Only some of the most intelligent animals – the great apes, the elephants, the dolphins and the magpies – have managed to overcome this test of the mirror
However, their social skills are a point in favor of self-knowledge: more social animals, more needy or accustomed to recognize other individuals of their species are the most prepared to distinguish themselves. For example, chimpanzees raised in isolation are unable to pass the mirror test: the other is needed to think of the self. "A hypothesis used for babies, which could be explored beneficially in cleaning fish, is that some aspects of social cooperation foster self-awareness," he says. Kim Bard, former president of the Primatological Society of the United Kingdom, who has studied the differences between children and chimpanzees when passing the test and considers this study "quite convincing".
However, the pioneers of the mirror test, like Gallup himself, question the results of Jordan and Kohda: they claim that their study does not show that the cleaners have passed it. These reluctance forced them to increase the controls of their study for three years, until they publish it this week in a scientific journal (PLOS Biology). Kohda says that 11 fish have passed the test since he achieved it number 1. "Although they showed interesting behavior towards the mirror, they are not indicative of self-recognition, they do not seem to me a direct proof of self-directed behavior," says specialist Diana Reiss, consulted by EL PAÍS. She is responsible that both elephants and dolphins have passed that test, but admits that it can not be a touchstone for the entire animal kingdom: "It is not the test of fire and should only be performed after an individual demonstrates evidence of behavior self-directed towards the mirror ".
But it is that initially it was thought that the elephants were not capable. Researchers placed human-sized mirrors in front of their cages where they could only see legs between bars. When the Bronx zoo allowed Reiss to place a 2.5-meter mirror in an open enclosure, the elephant Happy he demonstrated what he was capable of: he was very interested in his reflection (full body) and the day he drew a white cross on his face, he did not stop touching it. On the other hand, the mirror is probably not the best test for less visual animals, like dogs. It has been proposed that these are perfectly capable of passing a Self-knowledge test based on smellWhat is your thing? Nor will it be final for animals that do not give any importance to a spot, for example, so the test should adapt to their way of perceiving the world and himself.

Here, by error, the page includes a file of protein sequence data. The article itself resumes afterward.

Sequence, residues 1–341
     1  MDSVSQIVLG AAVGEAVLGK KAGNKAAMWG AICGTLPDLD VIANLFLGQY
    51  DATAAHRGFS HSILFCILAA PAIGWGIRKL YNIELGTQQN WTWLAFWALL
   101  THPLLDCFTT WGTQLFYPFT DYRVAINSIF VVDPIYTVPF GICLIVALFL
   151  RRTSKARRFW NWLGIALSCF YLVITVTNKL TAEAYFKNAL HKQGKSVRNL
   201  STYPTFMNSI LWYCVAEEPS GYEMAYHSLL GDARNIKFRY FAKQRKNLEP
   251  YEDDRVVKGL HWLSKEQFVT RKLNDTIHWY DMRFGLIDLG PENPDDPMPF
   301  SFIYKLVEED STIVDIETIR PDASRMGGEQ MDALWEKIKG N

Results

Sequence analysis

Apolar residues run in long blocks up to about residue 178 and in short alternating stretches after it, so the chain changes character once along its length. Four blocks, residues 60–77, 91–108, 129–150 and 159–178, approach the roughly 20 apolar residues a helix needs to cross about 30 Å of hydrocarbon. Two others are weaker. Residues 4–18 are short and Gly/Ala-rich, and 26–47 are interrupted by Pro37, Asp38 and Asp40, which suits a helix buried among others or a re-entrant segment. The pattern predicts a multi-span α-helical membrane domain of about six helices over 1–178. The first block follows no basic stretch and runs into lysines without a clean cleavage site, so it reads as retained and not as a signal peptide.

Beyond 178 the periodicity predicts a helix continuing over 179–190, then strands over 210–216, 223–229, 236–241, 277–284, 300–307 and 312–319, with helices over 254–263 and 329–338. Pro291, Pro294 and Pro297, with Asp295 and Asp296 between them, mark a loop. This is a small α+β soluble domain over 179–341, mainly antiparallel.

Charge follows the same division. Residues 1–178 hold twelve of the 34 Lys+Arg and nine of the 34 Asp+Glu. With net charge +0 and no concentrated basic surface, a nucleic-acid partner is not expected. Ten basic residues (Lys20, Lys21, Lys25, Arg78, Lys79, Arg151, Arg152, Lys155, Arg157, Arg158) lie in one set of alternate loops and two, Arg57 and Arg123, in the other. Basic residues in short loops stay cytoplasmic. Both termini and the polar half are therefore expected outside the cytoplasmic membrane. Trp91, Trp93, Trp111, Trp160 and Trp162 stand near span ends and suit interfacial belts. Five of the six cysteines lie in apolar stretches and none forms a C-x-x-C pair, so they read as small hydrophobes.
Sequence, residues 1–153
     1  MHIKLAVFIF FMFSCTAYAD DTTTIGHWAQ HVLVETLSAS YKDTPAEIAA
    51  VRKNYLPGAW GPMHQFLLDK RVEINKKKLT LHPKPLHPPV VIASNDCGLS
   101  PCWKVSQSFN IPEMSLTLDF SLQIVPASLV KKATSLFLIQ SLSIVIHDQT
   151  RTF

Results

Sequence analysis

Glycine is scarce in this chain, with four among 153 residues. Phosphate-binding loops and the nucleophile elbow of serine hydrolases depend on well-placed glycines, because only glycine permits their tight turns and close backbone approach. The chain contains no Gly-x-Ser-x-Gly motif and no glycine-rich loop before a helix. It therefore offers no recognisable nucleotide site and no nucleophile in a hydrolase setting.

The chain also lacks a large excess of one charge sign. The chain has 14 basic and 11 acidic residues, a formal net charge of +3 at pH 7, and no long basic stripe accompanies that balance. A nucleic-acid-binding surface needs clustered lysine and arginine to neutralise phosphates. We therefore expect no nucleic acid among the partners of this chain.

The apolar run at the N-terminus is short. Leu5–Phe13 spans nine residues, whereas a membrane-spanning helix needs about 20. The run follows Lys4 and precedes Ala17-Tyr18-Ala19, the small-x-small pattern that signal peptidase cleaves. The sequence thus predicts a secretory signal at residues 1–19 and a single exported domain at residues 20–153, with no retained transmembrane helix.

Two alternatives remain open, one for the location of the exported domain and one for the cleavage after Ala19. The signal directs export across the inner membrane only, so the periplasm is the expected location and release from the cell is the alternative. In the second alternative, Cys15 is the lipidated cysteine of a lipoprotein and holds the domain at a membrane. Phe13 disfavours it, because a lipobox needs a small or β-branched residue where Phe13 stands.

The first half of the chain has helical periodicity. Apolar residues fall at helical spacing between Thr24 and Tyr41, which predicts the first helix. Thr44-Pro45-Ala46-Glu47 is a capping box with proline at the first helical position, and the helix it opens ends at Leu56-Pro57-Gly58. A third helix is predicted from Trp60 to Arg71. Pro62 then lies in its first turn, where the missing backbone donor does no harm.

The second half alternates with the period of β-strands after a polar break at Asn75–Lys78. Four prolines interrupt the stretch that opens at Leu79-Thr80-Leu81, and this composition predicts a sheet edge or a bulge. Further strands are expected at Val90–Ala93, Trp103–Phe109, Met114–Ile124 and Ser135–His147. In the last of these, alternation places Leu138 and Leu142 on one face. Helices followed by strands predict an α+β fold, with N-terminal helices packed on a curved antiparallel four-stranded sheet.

Monkeys have the key: they do not pass the test naturally, but it has been observed They feel much less anxiety in the presence of their reflection than in that of an unknown congener. As if they were in an intermediate step of recognition. In recent years, Chinese researchers went further and thanks to a laser (2015) and many hours of work (2017), they managed to get the macaques to pass the mirror test. They were taught to see the mark on their face and now they recognize themselves in the mirror without problems, without needing help. If they put one in their cabin, they take advantage spontaneously to look at their genitals or teeth, as chimpanzees do, although months before they were unable to see their reflection. Does this mean that those macaques were not aware of themselves and now they are? Have the Chinese scientists enlightened these chosen ones and the rest of their congeners live in a lower mental state?
Darwin already told that the orangutans were "extraordinarily amazed" to see themselves reflected in the mirror
The renowned ethologist Frans de Waal believes that the capacity for self-knowledge is something gradual and not by jumps that imply that some animals have everything and others nothing. "There are many aspects of daily behavior that require individuals to know themselves," Bard explains, "as their own weight in relation to the weight that the branches will hold when jumping on them or their own fighting skills in relation to the of potential competitors. " That is why De Waal believes that he has come up with the perfect metaphor: "And if the self-consciousness develops like an onion, building layer upon layer, instead of appearing at once?"